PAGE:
Trump says he has no plans to form third party

Cheryl Sanders
March 3, 2021

Roger Stone told his followers on the messaging app Telegram that he was not invited to speak at the 2021 Conservative Political Action Conference (CPAC) - a who's who of American conservatism held this year in Orlando, Florida.

The interim rule, which will allow Commerce to monitor transactions of governments including China's, was first proposed by the previous administration in January - days before Joe Biden's inauguration - and follows an executive order former President Donald Trump signed in 2019.

Former U.S. President Donald Trump told a conservative audience on Sunday he has no plans to start a new party to compete with the Republican Party. "We will save and strengthen America and we will fight the onslaught of radicalism, socialism and indeed, it all leads to communism", said Trump, who spent much of his speech hitting out at US President Joe Biden.

"I stand before you today to declare that the incredible journey we began together four years ago is far from over", Trump will say, according to excepts of his speech released by aides.

The top House Republican sat onstage alongside Rep. Jim Banks of IN, an emerging conservative leader who answered a question aimed at minimizing the party's internal fractures by drawing attention to them.

Mitt Romney has said that Trump will win the party's primary if he decides to run for president again.


"In just one short month, we have gone from "America First" to 'America Last", Trump said.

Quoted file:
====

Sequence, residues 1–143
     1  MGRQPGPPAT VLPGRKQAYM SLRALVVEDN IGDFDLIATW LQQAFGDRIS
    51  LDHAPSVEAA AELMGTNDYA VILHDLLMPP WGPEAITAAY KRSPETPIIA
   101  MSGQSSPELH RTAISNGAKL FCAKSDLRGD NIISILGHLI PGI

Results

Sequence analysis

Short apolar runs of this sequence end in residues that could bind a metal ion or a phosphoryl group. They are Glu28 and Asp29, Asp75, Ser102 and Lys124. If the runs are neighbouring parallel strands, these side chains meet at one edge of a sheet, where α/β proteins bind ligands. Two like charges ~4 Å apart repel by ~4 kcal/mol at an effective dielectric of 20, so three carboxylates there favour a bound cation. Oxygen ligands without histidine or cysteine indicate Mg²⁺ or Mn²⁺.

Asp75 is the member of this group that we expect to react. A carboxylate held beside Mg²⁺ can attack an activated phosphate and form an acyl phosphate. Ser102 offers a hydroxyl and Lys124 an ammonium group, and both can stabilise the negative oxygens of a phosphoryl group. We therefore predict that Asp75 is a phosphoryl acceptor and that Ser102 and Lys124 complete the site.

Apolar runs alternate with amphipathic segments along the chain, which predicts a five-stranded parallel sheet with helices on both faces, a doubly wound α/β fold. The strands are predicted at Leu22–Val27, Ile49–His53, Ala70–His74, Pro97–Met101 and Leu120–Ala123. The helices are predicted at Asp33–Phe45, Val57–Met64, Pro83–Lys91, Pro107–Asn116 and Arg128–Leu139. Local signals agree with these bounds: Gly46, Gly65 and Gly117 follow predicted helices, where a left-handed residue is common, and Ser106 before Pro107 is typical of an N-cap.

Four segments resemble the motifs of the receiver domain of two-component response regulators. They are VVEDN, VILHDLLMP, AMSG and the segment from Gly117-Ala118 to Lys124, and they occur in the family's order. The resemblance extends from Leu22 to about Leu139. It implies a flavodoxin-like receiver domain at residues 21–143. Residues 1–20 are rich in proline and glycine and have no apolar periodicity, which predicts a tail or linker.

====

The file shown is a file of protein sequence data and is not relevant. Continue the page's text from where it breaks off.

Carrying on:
Al Jazeera's John Hendren, reporting from Orlando on Sunday, said the conference has brought together "the pro-Trump side of the Republican Party", which he said is now "at war with itself".

Senator Mitch McConnell, the Republican Senate minority leader, voted to acquit Trump at the impeachment trial, but then assailed Trump's role in fomenting the storming of the Capitol, in which rioters smashed windows, ransacked congressional offices and scuffled with police.

But at the conference, speakers continued to fan disinformation and conspiracy theories about the 2020 election, with panels dedicated to amplifying false claims of mass voter fraud that have been dismissed by the courts, state election officials and Trump's own administration.

Indeed, Sen. Josh Hawley, R-Mo., another potential 2024 hopeful, drew among the loudest applause and a standing ovation when he bragged about challenging the election certification on January 6 despite the storming of the Capitol building by Trump supporters trying to halt the process.

In front of a crowd of raucous supporters at CPAC in Orlando, Florida Trump spoke for almost two hours, running back some of his campaign trail hits and going after President Joe Biden for his policies.


Trump has amassed a fortune of over $ 250 million raising funds to contest the presidential election tally.

Trump's future as the dominant Republican figure in the USA remains an open question, however.

Mr. Trump remains the most influential figure in conservative politics.

No one doubts that Trump's excuse for continuing to ask for money from small donors after the election is just a tricky trick for him to use the funds for his own benefit, such as travel, legal fees and other expenses permitted by porous U.S. election law.

In a straw poll, 97% of attendees approved of his leadership of the party, 70% want him to run again, and 55% said he was their preferred candidate in 2024. McConnell has since said he would "absolutely" support Trump if he were the GOP nominee in 2024.


Other reports by iNewsToday

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